Tlaxcala is one of the 31 states of Mexico, the smallest. Its capital is Tlaxcala de Xicohténcatl and has a population of 1 million 342,977 inhabitants, according to 2020 data. At an altitude of more than 2,000 meters above sea level, it was an area populated by cultures such as the Olmec-Xicallanca to the south and the Otomi to the north.
It is also one of the nine Mexican states with Cuban medical collaboration:
Under the medical collaboration agreement between the governments of Cuba and Mexico, 414 collaborators serve in the country; of them, 410 direct specialists in medical assistance and four members of the National Coordination There are professionals from 27 medical specialties are present including Cuban doctors located in the states of Nayarit, Colima, Oaxaca, Campeche, Veracruz, Zacatecas, Sonora, Baja California and Tlaxcala.
Dr. Jorge López Romero is a specialist in nephrology and coordinator of the Cuban doctors in the Mexican state of Tlaxcala. We arrived there for our interview on a recent November morning, at the hospital in the capital. He was on duty, clean, in an impeccable white coat, with the usual humility:
Dr. Jorge López Romero— “We are currently distributed in ten municipalities, we are a total of 69 collaborators and with the arrival of two more specialists in internal medicine, we will be 71 professionals. We have been well received by the health units and their directors in the different healthcare activities that we carry out in the health areas of the regional hospitals. The warmth of the Mexican managers and professionals towards us is evident. And when one monitors the satisfaction of the patients, it is evident that they are very happy with our presence and tell us, “We were waiting for you, Doctor! There are many difficulties with specialties and we are covering those deficit areas.
“The brigade is dominated by the specialty of family medicine with twenty-five professionals. Other specialties such as endocrinology, nephrology, ophthalmology, cardiology, oncology, orthopedics, geriatrics or pneumology are also represented; an important range includes intensive care medicine. We have been asked if obstetrician-gynecologists are coming and we think they should come at some point”.
Maribel Acosta Damas— What is the health situation of the population and what is the particularity in this state with the presence of Cuban doctors in hospital facilities?
Dr. Jorge López Romero— “In our opinion, the design for our participation in the health system is adequate, based on the joint work of Cuban and Mexican specialists. We are inserting ourselves in the work system already established here and complying with the protocols, we make collegiate decisions to have a greater impact on health results. There are priorities of attention determined in the articulation of the primary and secondary health system and it is for the sake of this link that our work here is taking place. We have physicians working in family medicine and intensive care medicine, but at the moment we are covering the demands of hospital specialties.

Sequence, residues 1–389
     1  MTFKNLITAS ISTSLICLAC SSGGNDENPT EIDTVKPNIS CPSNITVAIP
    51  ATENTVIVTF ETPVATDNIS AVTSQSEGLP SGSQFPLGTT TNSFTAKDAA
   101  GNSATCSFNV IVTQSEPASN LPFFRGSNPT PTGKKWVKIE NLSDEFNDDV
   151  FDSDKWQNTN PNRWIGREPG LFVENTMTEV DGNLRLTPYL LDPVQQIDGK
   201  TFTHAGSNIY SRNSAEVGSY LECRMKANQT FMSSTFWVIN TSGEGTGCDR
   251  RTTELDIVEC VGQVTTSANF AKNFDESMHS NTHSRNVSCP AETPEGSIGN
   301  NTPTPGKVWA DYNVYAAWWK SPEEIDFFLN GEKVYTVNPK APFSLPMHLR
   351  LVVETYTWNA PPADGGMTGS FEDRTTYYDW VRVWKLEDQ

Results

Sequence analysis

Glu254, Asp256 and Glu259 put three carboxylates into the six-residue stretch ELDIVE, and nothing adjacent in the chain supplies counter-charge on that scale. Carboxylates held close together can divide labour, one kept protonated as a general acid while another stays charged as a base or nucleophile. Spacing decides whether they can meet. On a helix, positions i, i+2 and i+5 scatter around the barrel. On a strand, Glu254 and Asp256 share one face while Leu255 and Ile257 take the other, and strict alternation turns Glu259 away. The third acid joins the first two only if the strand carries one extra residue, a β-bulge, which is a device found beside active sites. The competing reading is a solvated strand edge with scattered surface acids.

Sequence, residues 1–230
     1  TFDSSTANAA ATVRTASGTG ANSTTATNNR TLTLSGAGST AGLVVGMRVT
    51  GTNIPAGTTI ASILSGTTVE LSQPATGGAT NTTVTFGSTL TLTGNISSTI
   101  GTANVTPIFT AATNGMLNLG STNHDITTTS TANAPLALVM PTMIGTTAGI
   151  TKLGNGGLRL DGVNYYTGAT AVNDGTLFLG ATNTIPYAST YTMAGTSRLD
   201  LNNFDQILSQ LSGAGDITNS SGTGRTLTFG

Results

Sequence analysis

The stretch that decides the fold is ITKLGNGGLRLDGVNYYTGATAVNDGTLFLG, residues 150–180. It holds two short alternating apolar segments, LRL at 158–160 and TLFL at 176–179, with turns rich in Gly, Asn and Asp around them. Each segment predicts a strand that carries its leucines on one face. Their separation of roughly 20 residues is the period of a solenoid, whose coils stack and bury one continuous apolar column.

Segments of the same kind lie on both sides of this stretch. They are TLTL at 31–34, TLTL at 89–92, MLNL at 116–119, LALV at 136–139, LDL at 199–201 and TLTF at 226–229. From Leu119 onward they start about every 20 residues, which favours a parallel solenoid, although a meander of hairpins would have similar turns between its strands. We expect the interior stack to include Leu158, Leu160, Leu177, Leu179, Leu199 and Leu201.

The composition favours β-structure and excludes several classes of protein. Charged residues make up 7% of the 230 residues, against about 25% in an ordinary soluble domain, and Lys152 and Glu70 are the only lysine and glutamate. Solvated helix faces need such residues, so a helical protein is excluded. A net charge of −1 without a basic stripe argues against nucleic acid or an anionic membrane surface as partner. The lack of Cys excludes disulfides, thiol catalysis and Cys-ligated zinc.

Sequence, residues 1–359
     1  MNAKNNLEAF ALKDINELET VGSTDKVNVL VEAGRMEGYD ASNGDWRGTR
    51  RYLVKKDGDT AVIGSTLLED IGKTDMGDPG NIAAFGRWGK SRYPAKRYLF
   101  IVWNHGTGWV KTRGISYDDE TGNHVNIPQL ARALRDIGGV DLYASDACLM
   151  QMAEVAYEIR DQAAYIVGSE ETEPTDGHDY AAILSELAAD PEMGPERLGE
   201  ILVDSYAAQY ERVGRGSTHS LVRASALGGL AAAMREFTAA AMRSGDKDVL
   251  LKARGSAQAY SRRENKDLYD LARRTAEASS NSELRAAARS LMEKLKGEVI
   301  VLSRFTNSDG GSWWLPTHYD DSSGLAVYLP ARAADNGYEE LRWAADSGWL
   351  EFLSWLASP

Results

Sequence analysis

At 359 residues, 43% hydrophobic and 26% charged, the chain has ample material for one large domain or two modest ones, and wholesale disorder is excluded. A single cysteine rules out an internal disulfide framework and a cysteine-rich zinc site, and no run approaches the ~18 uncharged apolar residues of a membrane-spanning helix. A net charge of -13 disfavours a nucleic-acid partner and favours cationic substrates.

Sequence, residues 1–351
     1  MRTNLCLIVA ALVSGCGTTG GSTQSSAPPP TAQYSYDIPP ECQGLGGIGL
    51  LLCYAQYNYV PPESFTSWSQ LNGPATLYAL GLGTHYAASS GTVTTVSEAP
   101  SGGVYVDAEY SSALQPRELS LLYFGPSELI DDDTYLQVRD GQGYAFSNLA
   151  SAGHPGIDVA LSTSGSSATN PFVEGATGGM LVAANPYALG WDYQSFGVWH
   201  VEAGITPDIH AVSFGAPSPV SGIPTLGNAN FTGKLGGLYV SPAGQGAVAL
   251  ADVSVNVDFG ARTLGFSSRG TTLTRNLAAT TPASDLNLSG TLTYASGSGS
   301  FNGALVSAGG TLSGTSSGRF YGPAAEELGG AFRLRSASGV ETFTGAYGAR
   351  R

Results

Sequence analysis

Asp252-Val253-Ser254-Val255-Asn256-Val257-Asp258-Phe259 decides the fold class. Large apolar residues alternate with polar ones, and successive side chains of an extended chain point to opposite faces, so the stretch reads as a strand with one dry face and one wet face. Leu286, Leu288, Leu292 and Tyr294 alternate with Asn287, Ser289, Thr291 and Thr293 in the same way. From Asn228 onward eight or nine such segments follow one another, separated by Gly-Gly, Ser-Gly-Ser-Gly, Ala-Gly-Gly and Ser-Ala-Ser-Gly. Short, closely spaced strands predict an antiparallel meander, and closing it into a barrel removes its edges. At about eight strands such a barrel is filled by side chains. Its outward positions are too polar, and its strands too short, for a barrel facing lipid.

“Another of the health priorities in Mexico is the maternal and infant program, which coincides with the health priorities in Cuba; hence the demand for this specialty to reduce infant and maternal mortality. In particular, this state has other health problems such as the incidence of chronic kidney disease. We
consider that the nephrology specialty here has an important challenge beyond health care, but also in the research area due to the prevalence of the disease in young people. In the Tlaxcala hospital itself there are about 300 patients undergoing peritoneal dialysis, which is a significant number. Those are the ones registered, but we know that there are many others without attention. That is why Cuban nephrology specialists have been prioritized in this state”.
Maribel Acosta Damas— How is the relationship with Mexican colleagues going?
Dr. Jorge López Romero— “We inserted ourselves in the work system already designed. At the beginning of our arrival, there may have been rejection by some professionals and colleagues, but we have reversed that because we are showing that we did not come to impose, we came to join in so that, working together, health indicators improve”.
Maribel Acosta Damas— And how is the relationship with patients?
Dr. Jorge López Romero— “It is beautiful; it is one of the things that most stimulates us to continue working. It is evident in the gestures in the medical office, when we visit patients… Patients are grateful to have a qualified professional to attend to them in specialties that are in such high demand as nephrology, for example. They tell us: Doctor, it’s good to have you here!”
Maribel Acosta Damas— Doctor, is this your first mission?
Dr. Jorge López Romero— “No. This is my sixth mission. Twice in Africa, in Rwanda where we set up a hemodialysis service, in Angola as clinical director in private clinics, in Ecuador doing renal transplants in the public sector, in Venezuela before coming here… these are some of the places where I have cooperated. From the human point of view, this mission is very important because we have a great commitment. And we have the fundamental challenge of bringing health and humanity like so many Cuban collaborators in the world. We are used to giving ourselves regardless of what class we belong to or what the social condition of those who come to our office is. We are proud of that. This is a recent mission and we have to keep on going down the road.
Source: Cuba en Resumen